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For which cancers might patients benefit most from expedited symptomatic diagnosis? Construction of a ranking order by a modified Delphi technique

Hamilton, W. and Stapley, S. and Campbell, C. and Lyratzopoulos, G. and Rubin, G. and Neal, R.D. (2015) For which cancers might patients benefit most from expedited symptomatic diagnosis? Construction of a ranking order by a modified Delphi technique. BMC Cancer, 15 (820). DOI: 10.1186/s12885-015-1865-x

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Abstract

Background This study aimed to answer the question �for which cancers, in a symptomatic patient, does expediting the diagnosis provide an improvement in mortality and/or morbidity?� Methods An initial ranking was constructed from previous work identifying �avoidable deaths� for 21 common cancers in the UK. In a two-round modified Delphi exercise, 22 experts, all experienced across multiple cancers, used an evidence pack summarising recent relevant publications and their own experience to adjust this ranking. Participants also answered on a Likert scale whether they anticipated mortality or morbidity benefits for each cancer from expedited diagnosis. Results Substantial changes in ranking occurred in the Delphi exercise. Finally, expedited diagnosis was judged to provide the greatest mortality benefit in breast cancer, uterine cancer and melanoma, and least in brain and pancreatic cancers. Three cancers, prostate, brain and pancreas, attracted a median answer of �disagree� to whether they expected mortality benefits from expedited diagnosis of symptomatic cancer. Conclusions Our results can guide future research, with emphasis given to studying interventions to improve symptomatic diagnosis of those cancers ranked highly. In contrast, research efforts for cancers with the lowest rankings could be re-directed towards alternative avenues more likely to yield benefit, such as screening or treatment.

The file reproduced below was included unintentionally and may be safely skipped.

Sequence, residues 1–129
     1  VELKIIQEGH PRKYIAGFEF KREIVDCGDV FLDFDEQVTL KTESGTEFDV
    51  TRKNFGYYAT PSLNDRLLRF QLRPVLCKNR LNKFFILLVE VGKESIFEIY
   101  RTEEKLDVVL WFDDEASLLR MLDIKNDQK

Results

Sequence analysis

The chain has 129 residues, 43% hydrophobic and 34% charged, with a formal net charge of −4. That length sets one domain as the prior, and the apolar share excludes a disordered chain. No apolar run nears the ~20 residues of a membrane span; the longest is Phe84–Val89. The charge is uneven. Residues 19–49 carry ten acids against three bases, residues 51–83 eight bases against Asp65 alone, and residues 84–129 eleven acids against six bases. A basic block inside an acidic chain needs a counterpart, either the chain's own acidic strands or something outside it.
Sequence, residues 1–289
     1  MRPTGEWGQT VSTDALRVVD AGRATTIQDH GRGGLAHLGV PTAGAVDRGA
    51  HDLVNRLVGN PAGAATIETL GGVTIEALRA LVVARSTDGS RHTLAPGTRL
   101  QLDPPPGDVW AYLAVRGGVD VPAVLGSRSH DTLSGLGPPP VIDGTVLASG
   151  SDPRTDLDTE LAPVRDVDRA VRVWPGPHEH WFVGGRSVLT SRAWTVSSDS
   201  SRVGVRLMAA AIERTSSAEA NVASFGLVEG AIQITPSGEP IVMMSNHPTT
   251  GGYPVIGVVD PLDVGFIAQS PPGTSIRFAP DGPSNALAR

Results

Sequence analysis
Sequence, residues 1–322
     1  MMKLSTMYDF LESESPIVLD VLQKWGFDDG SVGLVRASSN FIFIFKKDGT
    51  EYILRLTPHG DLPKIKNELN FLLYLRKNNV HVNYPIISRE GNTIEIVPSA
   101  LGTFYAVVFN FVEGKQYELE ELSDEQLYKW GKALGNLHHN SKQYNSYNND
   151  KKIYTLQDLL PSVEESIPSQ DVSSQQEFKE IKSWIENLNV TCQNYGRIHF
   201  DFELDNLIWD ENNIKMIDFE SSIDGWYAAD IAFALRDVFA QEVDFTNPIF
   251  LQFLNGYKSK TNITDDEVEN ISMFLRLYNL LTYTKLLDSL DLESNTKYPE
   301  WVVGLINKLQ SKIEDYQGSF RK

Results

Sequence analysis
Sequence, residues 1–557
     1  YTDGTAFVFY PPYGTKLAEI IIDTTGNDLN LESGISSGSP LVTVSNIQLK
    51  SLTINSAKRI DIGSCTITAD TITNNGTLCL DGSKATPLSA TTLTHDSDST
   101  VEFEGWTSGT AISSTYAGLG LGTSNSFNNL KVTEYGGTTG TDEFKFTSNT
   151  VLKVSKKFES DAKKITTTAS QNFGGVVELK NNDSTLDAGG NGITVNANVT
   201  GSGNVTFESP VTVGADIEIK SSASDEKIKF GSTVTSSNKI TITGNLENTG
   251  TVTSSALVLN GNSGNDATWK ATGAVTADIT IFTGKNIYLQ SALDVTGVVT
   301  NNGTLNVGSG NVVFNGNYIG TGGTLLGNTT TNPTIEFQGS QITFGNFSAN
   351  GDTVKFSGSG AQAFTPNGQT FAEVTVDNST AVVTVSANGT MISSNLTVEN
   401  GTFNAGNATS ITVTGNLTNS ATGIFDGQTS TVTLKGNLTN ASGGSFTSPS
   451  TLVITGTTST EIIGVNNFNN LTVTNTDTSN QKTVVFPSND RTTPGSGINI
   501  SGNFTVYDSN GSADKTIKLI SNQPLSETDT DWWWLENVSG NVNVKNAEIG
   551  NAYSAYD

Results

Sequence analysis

Item Type: Article
Subjects: Research Publications
Departments: College of Health and Behavioural Sciences > North Wales Centre for Primary Care Research
Date Deposited: 26 Nov 2015 03:51
Last Modified: 27 Nov 2015 03:26
ISSN: 1471-2407
URI: http://e.bangor.ac.uk/id/eprint/5909
Identification Number: DOI: 10.1186/s12885-015-1865-x
Publisher: Springer
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